Research Article: Attacks on medical workers in Syria: Implications for conflict research

Date Published: April 24, 2018

Publisher: Public Library of Science

Author(s): Michael Spagat

Abstract: In a Perspective linked to the Research Article by Haar and colleagues, Michael Spagat discusses the challenges and importance of conducting research on mortality in regions affected by violent conflicts.

Partial Text: Haar and colleagues show that violent, often lethal, attacks on health infrastructure, workers, and patients were very common in northern Syria in 2016 [5]. Though the scope of this study was limited to four governorates, this violence almost certainly continues to the present throughout much of the country. Moreover, such attacks occurred more frequently than we might reasonably have believed based on the prior evidence that was available [6]. These carefully documented events represent serious and widespread violations of International Humanitarian Law (IHL) with tragic and morally reprehensible consequences. To be sure, the 297 deaths documented in the paper constitute a small percentage of total violence in Syria in 2016 (see, for example, the database of the Violations Documentation Center in Syria [7] and the analysis of [2]). Indeed, attacks in Syria frequently kill children [1,3,4], with the widespread use of explosives in densely populated areas posing a particular hazard [3,4]. Children, medical units, and personnel are all specially protected under IHL [8,9,10], so the violations documented in the paper and [1,3,4] have special salience. Moreover, these attacks on health infrastructure might have exacerbated effects on health by impeding people in a conflict-affected environment from seeking and providing medical care. Indeed, a striking observation of Haar and colleagues [5] is that only a low proportion of medical facilities and vehicles are labelled as such in Syria, rendering them hard to find both for potential patients and would-be attackers, perhaps intentionally in the latter case.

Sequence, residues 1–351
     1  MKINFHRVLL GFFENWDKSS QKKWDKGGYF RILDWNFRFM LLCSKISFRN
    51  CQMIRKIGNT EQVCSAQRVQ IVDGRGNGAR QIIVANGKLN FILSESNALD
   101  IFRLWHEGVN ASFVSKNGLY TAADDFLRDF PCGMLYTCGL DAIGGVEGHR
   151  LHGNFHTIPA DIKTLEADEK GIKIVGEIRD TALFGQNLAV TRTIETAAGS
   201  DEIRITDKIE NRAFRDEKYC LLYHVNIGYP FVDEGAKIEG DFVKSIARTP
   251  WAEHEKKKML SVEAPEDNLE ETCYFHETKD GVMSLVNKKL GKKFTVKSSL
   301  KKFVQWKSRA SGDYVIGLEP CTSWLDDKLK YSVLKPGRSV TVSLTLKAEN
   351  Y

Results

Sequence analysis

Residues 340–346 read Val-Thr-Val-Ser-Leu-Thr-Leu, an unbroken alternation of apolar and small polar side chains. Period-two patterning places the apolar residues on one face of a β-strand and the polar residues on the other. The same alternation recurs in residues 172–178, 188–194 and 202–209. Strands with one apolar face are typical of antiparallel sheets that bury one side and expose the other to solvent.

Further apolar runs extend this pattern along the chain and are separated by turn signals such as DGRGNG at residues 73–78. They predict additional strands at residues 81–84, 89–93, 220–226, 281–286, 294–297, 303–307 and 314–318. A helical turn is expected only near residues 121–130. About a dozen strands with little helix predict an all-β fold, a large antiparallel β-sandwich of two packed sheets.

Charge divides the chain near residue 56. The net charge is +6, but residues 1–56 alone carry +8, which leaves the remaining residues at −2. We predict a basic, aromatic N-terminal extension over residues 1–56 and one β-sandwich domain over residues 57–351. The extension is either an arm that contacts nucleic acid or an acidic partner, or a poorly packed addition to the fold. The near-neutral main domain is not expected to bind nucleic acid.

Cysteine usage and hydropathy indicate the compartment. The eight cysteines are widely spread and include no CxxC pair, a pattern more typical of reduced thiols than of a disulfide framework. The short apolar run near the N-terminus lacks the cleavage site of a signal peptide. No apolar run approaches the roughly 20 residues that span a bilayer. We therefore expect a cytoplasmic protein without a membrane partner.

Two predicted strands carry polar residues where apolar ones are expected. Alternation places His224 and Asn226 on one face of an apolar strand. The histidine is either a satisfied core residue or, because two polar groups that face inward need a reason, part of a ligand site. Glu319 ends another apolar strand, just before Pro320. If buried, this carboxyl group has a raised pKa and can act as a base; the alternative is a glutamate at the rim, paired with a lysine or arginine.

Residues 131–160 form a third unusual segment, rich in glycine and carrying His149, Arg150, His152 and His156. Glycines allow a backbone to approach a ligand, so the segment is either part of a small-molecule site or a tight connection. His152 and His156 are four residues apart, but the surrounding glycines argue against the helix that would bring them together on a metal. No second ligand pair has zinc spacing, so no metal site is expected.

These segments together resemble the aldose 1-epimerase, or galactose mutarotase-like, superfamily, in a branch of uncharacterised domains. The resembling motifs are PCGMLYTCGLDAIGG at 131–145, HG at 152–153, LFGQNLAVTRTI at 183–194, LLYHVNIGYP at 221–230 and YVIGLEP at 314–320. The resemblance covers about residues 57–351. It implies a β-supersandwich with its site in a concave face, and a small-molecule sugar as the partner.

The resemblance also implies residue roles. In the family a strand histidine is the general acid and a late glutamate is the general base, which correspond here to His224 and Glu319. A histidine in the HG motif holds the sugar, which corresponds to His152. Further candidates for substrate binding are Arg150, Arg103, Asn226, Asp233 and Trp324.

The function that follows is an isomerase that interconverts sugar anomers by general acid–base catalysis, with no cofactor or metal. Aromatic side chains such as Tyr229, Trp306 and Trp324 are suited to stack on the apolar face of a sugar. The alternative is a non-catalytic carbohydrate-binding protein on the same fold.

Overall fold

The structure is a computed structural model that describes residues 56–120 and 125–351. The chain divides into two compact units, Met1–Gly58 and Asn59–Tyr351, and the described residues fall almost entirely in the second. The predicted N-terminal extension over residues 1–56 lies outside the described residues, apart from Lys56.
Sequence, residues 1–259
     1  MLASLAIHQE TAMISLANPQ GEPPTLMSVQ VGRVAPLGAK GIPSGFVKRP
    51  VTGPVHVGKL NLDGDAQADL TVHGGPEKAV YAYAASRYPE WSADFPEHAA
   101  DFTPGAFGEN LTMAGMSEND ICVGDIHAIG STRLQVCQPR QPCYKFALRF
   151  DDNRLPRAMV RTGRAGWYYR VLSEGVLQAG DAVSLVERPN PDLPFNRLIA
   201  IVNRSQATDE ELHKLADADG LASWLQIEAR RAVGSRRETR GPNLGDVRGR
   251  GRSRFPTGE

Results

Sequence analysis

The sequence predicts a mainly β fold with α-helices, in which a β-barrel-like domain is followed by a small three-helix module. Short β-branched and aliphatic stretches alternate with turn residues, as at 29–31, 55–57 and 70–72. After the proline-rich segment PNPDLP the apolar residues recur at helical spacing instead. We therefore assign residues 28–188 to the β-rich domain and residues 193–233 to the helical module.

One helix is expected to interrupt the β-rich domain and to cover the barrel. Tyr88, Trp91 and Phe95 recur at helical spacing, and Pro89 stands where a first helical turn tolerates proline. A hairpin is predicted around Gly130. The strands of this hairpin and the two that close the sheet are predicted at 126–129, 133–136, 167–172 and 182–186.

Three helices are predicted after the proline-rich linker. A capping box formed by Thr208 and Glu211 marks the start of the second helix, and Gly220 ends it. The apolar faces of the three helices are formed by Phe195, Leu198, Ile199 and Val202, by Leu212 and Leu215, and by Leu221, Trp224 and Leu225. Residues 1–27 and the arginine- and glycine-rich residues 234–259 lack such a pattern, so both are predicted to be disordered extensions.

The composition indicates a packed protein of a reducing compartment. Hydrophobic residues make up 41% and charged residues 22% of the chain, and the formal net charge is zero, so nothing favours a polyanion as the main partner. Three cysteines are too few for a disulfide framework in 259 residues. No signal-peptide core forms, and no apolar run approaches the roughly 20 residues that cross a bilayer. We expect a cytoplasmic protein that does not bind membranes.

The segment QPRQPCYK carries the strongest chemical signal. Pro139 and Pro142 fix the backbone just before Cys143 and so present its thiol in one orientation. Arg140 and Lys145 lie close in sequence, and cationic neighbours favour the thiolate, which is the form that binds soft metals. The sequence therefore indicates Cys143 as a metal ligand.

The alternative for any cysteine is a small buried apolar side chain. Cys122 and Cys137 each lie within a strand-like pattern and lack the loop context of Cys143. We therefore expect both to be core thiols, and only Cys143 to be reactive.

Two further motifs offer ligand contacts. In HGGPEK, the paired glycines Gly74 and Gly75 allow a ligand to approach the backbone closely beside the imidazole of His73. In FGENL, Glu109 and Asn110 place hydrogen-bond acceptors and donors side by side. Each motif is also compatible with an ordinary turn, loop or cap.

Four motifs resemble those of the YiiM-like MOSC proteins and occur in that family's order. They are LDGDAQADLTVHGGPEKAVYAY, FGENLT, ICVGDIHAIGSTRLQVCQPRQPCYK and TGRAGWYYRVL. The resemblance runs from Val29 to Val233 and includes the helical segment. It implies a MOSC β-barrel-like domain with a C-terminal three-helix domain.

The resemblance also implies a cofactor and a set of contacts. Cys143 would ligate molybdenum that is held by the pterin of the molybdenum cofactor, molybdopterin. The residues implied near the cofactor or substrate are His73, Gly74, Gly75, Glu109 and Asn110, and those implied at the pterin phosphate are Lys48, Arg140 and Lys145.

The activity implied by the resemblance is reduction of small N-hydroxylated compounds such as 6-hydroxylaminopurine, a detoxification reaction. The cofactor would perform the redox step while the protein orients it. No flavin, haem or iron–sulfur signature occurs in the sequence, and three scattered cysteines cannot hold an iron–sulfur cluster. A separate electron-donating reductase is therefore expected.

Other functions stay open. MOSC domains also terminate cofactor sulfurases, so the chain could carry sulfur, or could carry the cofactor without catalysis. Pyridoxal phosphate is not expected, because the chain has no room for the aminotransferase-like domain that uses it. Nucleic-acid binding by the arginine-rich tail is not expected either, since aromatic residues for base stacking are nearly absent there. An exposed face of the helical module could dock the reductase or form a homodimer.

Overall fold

The work of PHR, SAMS, and conflict data projects in general could benefit greatly from deeper research into event matching across the two databases. Moreover, Haar and colleagues mention in passing that there is a third data-collection system operated by the UN Health Cluster for northern Syria. A three-way matching comparison would be better still.



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